Gov. Dannel P. Malloy on Friday launched another campaign to change the laws governing the state’s liquor sales with some strong rhetoric for lawmakers inclined to maintain the current alcohol pricing structure.
“People who don’t support this support Connecticut consumers being gouged,” he said at a press conference.
Malloy, who has weighed in on alcohol sales during previous legislative sessions, is seeking a several changes this year. He wants to:
-Change a set minimum bottle price law by letting retailers sell alcohol at cost.
-Allow alcohol sales until 10 p.m. Monday through Saturday and 8 p.m. on Sunday.
-Increase a limit on the number of shops a package store owner can run from three to six.
The governor’s comments on price gouging were directed at the minimum bottle price policy. Malloy, a Democrat, was asked why he expects the Democrat-controlled legislature to embrace his change this year, when it has declined to shake up alcohol pricing in past sessions.
Currently, the lowest price a package store can charge for a bottle of alcohol is a set price known as the “bottle price.” It’s established by wholesalers and posted monthly. This keeps alcohol prices at smaller liquor stores in line with the prices at larger stores, which could otherwise offer discounts.
The governor believes the fixed minimum price results in Connecticut consumers paying more than they would in another state. Malloy wants to let retailers set the price, so long as they sell booze for at least the price they purchased it at.
Lawmakers have responded to concerns by the owners of small package stores and rejected the change. Malloy proposed the provision as part of a bill to legalize the sale of alcohol on Sundays. The legislature passed that bill, but not before stripping the minimum pricing language from it. The governor pushed the bill again in 2013 and the legislature again declined to pass it.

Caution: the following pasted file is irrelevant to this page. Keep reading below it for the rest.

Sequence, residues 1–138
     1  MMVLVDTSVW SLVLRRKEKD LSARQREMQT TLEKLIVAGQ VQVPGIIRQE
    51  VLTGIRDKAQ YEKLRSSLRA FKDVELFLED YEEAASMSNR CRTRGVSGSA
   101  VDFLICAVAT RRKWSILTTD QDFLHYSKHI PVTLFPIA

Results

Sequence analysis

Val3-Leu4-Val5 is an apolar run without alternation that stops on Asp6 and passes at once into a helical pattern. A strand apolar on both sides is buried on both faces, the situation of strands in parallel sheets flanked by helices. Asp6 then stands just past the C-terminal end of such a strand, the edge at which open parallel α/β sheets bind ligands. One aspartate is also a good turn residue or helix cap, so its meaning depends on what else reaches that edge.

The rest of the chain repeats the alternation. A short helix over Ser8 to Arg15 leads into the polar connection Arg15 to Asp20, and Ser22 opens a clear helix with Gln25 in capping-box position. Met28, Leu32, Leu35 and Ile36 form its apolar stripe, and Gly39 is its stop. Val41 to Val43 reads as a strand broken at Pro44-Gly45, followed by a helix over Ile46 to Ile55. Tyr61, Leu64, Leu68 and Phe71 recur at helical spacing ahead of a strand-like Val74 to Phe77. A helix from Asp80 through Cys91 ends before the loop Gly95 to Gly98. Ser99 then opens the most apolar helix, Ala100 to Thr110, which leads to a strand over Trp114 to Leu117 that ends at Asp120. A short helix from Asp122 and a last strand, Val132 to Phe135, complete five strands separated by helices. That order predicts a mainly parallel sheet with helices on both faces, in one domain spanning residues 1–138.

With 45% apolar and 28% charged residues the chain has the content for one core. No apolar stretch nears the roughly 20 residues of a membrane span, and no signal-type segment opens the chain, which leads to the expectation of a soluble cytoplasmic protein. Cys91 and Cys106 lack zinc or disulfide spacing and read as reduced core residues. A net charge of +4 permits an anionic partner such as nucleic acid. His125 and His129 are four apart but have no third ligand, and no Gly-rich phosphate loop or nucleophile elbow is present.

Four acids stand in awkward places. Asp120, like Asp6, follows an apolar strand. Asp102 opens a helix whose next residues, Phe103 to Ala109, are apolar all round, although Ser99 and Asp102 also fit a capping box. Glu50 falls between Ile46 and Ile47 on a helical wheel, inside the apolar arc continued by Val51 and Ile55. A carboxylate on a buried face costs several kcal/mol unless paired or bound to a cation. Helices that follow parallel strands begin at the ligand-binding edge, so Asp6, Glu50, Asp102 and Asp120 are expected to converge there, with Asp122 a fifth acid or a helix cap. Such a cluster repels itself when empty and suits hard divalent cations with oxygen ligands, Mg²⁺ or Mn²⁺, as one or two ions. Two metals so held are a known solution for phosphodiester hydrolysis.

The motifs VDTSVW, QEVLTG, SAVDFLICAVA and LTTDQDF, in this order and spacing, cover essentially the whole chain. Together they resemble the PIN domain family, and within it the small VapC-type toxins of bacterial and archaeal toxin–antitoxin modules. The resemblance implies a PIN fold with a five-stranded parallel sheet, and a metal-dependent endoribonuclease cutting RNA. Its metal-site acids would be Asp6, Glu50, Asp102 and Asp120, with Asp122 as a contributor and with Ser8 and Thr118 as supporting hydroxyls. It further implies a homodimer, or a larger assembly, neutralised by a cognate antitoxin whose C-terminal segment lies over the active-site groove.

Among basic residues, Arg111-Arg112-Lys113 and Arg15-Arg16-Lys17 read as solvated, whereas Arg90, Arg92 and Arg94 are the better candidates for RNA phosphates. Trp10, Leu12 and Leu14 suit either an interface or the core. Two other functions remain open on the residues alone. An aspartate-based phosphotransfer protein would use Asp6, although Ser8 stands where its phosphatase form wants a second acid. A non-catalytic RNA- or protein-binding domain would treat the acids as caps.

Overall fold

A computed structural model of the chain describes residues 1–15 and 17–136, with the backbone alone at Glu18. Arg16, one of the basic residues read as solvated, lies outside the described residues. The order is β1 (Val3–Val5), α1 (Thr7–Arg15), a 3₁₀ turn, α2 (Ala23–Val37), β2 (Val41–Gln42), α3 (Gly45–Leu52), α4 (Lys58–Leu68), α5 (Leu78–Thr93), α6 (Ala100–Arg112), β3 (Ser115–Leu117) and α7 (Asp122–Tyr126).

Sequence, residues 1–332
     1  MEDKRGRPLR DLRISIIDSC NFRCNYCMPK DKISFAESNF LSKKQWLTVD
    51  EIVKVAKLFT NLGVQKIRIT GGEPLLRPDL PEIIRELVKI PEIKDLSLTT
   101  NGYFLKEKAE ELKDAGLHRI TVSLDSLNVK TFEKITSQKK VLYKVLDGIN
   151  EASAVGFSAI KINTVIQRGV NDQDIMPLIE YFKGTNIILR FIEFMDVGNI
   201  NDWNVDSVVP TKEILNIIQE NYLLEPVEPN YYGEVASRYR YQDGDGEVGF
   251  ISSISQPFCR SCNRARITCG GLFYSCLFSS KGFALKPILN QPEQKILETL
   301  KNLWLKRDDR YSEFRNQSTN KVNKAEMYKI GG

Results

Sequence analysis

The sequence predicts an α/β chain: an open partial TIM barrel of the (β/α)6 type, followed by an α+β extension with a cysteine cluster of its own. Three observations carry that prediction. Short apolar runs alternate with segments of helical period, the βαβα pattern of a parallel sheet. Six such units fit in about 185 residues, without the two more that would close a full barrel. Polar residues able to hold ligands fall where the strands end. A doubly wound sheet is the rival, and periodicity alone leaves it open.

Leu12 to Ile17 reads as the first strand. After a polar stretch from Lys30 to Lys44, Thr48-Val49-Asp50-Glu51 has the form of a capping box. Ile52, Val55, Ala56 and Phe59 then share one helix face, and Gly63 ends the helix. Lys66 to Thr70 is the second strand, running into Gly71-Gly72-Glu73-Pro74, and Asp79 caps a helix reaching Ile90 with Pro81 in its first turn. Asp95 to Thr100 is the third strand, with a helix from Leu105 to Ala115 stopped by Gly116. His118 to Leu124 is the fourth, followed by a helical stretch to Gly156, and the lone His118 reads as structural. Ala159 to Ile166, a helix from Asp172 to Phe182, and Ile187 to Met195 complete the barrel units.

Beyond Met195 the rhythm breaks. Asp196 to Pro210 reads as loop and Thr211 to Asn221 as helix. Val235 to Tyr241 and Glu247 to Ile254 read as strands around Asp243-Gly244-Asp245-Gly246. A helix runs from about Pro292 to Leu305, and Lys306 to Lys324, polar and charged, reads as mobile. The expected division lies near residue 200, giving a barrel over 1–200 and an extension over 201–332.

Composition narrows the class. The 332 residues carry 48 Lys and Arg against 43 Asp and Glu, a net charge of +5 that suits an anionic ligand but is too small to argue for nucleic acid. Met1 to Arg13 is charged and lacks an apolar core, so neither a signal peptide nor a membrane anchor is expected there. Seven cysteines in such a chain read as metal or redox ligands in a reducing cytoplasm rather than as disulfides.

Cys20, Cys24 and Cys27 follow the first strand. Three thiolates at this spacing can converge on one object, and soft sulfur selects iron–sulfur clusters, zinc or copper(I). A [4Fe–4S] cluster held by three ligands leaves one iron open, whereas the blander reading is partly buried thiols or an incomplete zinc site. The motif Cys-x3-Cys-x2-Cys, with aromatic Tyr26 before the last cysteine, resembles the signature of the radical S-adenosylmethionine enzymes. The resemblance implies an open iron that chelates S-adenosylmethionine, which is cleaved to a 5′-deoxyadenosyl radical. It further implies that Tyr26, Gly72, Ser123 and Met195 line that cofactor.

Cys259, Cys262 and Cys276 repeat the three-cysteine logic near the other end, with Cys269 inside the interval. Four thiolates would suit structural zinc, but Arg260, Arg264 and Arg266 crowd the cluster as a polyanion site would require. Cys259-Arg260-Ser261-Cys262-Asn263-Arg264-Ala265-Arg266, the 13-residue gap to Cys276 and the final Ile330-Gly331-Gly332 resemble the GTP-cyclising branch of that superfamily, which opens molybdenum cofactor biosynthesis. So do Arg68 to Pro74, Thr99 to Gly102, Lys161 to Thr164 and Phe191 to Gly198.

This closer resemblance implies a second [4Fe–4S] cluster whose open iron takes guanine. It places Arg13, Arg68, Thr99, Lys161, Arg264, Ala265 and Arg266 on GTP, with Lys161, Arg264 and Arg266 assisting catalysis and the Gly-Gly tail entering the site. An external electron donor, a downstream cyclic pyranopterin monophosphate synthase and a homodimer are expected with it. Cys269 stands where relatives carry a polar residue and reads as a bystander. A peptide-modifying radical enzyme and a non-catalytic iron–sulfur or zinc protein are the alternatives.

On Friday, Malloy said rejecting the proposal this year was tantamount to gouging Connecticut residents.
“I want to be very clear. That’s what that decision is. If this doesn’t pass the committee, if it doesn’t pass the House and it doesn’t pass the Senate, what that is, is a vote for our consumers paying more for a product than they can obtain in neighboring states. Those folks are going to have to own it in that context,” he said.
Senate President Martin Looney, who was standing near Malloy after participating in an unrelated press conference, did not weigh in on the issue. Malloy preempted a question directed at the Senate leader.
“I gave him a chance to run for the door. He didn’t take it, but you’re not going to get him on my dime,” Malloy said.
Carroll Hughes, a lobbyist for the Connecticut Package Store Association, rejected Malloy’s “gouging” argument and said the state’s high alcohol prices have more to do with taxes than with minimum pricing.
“The only gouger here is the state tax structure,” he said in an interview. “Big time. It’s the highest tax in New England. Both the excise tax and the sales tax.”
Liquor store owners have taken their case to the state Capitol to push back on Malloy’s proposals in past years. In 2012, more than 900 people flooded the Legislative Office Building for a public hearing on an alcohol bill. Hughes said lawmakers are compelled by the small business owners’ narrative.
“I have a substantial number of people that are invested in these small stores. They work hard. Legislators see the faces of the people and they talk to people,” he said. “I’m a fan of small business, not huge package stores taking over the whole business.”